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3.9 Events in Visual Studio .NET

The Visual Studio .NET IDE can automatically handle much of the work required to implement events in ASP.NET. For example, it offers a list of all the possible events for each control and if you choose to implement an event, you can type in a name for the event handler. The IDE will create the boilerplate code necessary and will wire up the associated delegate. You have already seen some of these capabilities in this chapter, as well as the "manual" way of implementing events. In this section, you will see even easier ways to create event handlers in Visual Studio .NET.

Although events are handled in essentially the same way in C# and VB.NET under the hood, the syntax used by the two languages is very different. You can see this in the boilerplate created by Visual Studio .NET.

When a new web application is created in Visual Studio .NET, it automatically includes a code skeleton for the Page_Load event handler. A completed event handler was shown in Example 3-4 using VB .NET and in Example 3-5 using C#.

The event handler declaration in VB .NET has the form:

Private Sub Page_Load(ByVal sender As System.Object, _
                      ByVal e As System.EventArgs) _
                      Handles MyBase.Load

The Handles keyword indicates that this event handler method will handle the Load event of the base class.

In C#, the event handler declaration has the following syntax:

private void Page_Load(Object sender, System.EventArgs e)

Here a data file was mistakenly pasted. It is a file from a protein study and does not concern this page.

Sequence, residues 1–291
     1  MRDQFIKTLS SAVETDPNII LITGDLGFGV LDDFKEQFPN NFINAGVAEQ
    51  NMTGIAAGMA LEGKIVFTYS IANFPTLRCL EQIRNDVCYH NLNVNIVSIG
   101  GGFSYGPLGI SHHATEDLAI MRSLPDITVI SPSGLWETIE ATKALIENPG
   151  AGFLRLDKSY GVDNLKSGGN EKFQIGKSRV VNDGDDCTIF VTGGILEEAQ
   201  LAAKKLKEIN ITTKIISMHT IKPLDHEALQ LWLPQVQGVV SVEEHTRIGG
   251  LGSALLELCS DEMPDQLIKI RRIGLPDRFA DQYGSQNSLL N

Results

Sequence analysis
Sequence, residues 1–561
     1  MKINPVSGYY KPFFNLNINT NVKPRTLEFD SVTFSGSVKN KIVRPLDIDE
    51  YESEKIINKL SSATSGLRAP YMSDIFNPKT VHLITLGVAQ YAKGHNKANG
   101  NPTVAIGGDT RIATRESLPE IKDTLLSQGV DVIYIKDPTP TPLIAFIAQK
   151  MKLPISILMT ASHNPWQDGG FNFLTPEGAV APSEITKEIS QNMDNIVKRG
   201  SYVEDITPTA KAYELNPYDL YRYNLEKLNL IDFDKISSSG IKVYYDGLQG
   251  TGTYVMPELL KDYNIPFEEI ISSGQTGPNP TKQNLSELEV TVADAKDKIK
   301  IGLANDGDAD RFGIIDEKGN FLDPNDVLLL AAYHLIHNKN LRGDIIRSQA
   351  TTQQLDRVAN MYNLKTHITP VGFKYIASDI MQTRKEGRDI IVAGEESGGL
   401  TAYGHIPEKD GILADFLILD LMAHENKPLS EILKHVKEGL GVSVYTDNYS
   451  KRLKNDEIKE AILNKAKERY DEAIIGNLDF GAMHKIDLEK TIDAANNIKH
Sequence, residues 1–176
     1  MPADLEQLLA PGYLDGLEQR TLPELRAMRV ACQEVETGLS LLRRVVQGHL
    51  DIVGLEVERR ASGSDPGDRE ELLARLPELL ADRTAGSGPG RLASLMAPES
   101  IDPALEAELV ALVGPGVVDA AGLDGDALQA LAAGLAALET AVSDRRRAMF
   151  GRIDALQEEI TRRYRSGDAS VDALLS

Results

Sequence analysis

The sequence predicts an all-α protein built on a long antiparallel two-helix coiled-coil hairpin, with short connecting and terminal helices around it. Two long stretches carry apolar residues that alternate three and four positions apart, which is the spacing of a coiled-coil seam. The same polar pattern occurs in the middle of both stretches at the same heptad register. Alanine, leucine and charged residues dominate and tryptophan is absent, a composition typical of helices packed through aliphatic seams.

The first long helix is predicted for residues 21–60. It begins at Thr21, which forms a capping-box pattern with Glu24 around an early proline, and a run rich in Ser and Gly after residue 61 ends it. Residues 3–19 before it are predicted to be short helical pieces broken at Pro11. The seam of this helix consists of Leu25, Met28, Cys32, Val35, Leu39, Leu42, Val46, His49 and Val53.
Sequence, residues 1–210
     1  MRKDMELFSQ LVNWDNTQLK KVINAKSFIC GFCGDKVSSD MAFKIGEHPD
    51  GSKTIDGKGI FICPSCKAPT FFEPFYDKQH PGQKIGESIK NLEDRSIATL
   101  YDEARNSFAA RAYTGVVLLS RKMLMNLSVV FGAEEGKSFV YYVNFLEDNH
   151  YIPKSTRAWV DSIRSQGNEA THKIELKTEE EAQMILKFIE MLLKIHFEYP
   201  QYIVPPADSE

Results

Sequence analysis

Notice that there is no indication as to which event this method will handle. That connection is made in the block of code inside the region labeled Web Form Designer generated code. Expanding that region reveals a method called InitializeComponent, which is called from within the OnInit event handler. Inside the InitializeComponent method is the following line of code:

this.Load += new System.EventHandler(this.Page_Load);

This line adds the Page_Load method to the Load delegate, causing the method to be invoked every time that event is raised.

Earlier, you saw how an attribute for the OnItemDataBound event was declaratively added to the DataGrid shown in Figure 3-2.


The OnItemDataBoundEventHandler method was implemented in Example 3-7 in VB .NET and in Example 3-8 in C#.

To have Visual Studio .NET do more of the work for you, do not declare the event attribute in the .aspx file, as was done previously. Instead, you'll let the designer help you implement the event. The easiest event to implement in Visual Studio.NET is the designated "default" event, designated by the designer of the control.

To create an event handler for the default event, simply double-click on the control from within the design window. The boilerplate code for that event handler will automatically be created in the code-behind page and the cursor will be placed inside the event handler method, ready for you to enter your implementing code. The default event for the web controls are listed in Table 3-4.

Table 3-4. Default events for ASP.NET Controls


Default Event